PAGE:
Looking for a full-body workout that is easy to learn, builds cardiovascular and muscular strength, and has a low risk of injury? Try rowing! Unlike running, rowing is low impact and therefore kind to all ages and body types. Unlike swimming, rowing has one stroke, which you can pick up in just a couple instructional sessions. As the City of Chicago continues to embrace the river, rowing is booming. Two new Chicago Park District boathouses, designed by famed Chicago architect Jeanne Gang, are creating a splash. If you haven’t yet tried this sport, which continues to grow in popularity, now is the time.
ROW, or Recovery on Water, is a women’s rowing club made up exclusively of breast cancer survivors. ROW provides members the opportunity to connect with others, take an active role in their recovery, gain support and learn a new sport. ROW’s members are diverse in age and ability — with some having never played a sport. ROW is an empowering, confidence-building group that offers a unique opportunity at a difficult time.
“I love the team and I love the training. It has made a profound impact on my life. Thanks to ROW, I incorporated a new sport and athletic goals into my life, just as I aged into being a senior citizen,” says Catherine Rocca, one of ROW’s first members.
ROW Co-Founder and Executive Director Jenn Junk previously worked with survivors while rowing in college at Michigan State University before founding ROW in 2008 along with survivor Sue Ann Glaser. The organization now has 85 members.
“We don’t sit around and talk about cancer. We focus on rowing,” Junk says. “The low-impact nature of rowing, and the fact that it uses 85% of the muscle groups, makes it a great way for members to be more active in their treatment.” She also points out that studies have shown a 30-50 percent decrease in cancer recurrence with exercise and good nutrition.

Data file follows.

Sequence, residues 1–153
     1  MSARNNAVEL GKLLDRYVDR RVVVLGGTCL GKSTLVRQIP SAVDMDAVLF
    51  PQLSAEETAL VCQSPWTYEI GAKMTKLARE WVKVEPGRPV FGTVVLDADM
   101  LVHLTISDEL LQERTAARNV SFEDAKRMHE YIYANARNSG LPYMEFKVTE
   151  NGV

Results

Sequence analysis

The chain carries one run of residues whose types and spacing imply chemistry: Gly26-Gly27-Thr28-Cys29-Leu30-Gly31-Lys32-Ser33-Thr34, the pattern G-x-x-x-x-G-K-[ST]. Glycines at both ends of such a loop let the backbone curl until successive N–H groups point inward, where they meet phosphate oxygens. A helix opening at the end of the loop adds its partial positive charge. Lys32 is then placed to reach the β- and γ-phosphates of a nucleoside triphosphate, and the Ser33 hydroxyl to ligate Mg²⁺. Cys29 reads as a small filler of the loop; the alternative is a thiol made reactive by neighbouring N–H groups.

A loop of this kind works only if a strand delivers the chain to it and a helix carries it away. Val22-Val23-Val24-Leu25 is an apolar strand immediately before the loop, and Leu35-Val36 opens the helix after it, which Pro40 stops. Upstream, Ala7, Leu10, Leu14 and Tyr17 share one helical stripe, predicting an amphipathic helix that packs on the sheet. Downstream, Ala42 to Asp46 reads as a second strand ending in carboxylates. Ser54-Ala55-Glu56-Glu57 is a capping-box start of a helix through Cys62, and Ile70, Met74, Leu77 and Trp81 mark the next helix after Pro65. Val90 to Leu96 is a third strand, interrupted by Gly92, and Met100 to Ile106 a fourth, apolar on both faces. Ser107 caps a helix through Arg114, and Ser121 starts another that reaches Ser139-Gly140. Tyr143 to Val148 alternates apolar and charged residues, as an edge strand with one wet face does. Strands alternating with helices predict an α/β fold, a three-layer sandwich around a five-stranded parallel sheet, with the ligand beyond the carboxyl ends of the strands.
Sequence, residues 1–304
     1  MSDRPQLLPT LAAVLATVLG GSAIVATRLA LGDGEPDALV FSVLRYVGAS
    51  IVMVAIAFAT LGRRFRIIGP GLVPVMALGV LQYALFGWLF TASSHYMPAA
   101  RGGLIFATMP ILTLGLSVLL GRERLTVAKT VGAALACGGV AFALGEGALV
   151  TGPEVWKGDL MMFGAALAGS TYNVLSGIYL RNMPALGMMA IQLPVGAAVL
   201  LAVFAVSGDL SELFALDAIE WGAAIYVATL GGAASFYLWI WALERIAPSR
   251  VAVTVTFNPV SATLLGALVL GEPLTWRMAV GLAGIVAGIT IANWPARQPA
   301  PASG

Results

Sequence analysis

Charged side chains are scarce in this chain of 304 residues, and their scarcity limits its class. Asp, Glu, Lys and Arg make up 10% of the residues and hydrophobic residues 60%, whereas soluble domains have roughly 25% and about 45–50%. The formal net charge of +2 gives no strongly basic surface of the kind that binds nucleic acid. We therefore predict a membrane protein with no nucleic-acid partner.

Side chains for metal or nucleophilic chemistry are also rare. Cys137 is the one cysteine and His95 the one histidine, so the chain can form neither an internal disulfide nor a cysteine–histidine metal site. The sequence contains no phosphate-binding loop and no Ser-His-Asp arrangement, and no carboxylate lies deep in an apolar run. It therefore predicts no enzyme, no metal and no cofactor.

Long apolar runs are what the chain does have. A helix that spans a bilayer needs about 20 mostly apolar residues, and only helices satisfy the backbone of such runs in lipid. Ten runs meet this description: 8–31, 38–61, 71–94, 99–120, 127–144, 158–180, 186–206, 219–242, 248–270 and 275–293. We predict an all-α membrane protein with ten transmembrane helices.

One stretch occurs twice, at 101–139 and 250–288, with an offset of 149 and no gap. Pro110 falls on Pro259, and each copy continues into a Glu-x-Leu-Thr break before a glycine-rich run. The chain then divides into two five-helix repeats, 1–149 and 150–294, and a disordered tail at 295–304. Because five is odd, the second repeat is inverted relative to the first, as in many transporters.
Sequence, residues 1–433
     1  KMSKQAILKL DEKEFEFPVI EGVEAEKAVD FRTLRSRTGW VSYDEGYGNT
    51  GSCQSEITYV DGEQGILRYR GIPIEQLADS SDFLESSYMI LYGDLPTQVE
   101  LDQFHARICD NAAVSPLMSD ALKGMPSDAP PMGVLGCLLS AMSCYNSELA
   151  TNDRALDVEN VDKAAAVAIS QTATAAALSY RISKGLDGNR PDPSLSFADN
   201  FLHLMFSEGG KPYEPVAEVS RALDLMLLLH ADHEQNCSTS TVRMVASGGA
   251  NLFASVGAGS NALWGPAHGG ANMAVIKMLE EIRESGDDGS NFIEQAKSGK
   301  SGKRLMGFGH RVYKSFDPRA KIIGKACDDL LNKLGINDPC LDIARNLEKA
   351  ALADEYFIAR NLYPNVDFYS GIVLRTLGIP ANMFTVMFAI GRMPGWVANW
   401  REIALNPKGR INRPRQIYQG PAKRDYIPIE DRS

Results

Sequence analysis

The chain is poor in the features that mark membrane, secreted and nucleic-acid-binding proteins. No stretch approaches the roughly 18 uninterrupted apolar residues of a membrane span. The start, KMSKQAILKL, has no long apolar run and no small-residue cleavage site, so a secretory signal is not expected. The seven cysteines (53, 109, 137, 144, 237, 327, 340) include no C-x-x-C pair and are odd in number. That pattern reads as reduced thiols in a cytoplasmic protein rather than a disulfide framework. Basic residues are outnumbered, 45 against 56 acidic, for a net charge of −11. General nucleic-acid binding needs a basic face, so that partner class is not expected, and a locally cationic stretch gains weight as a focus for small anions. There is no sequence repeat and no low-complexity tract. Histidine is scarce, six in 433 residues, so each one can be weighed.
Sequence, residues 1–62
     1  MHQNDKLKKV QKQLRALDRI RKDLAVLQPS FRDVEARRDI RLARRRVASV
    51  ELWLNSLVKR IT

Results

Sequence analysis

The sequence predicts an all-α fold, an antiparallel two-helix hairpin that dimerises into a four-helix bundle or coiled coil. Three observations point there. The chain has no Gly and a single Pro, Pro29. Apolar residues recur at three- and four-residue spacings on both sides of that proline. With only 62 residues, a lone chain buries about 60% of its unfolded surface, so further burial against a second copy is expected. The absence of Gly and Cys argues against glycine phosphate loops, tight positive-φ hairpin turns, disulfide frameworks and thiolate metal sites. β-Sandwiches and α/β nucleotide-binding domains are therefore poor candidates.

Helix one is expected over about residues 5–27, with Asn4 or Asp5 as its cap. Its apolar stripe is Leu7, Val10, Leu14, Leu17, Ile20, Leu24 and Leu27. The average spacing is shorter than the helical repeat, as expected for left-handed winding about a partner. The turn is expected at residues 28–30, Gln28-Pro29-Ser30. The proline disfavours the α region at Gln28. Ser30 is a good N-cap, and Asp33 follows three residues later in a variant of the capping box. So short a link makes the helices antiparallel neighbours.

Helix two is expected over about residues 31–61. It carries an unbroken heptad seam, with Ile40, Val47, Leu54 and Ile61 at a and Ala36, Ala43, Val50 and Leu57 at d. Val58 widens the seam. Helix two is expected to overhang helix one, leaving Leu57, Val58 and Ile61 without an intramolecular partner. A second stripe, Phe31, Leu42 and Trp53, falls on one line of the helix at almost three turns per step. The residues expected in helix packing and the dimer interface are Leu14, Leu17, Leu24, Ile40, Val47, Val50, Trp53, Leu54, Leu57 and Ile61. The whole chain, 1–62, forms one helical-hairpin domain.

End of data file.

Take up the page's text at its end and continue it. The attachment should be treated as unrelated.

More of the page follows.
Dr. Samman Shahpar of Shirley Ryan AbilityLab (formerly Rehabilitation Institute of Chicago) further emphasizes the important role of exercise for breast cancer survivors. “Exercise is an integral component in the evaluation and management of breast cancer survivors,” he says. “There have been multiple studies that demonstrate that not only is exercise safe, but it is beneficial to the medical and functional recovery. Survivors often don’t know where to go or where to start. An organization like ROW creates an environment where survivors can engage in safe exercise and enjoy the camaraderie that comes along with this activity.” For those no longer in treatment, ROW becomes their new “team,” which was previously comprised of doctors and nurses.
ROW trains year round, seven days a week at three locations: the new Chicago Park District Eleanor Boathouse in Bridgeport, Bluprint Fitness in Chicago, and Alliance Rowing Club in Wilmette. During the outdoor season they are on the water five days a week. ROW races both eight- and four-person boats in several regattas each season and is always looking for coxswain volunteers.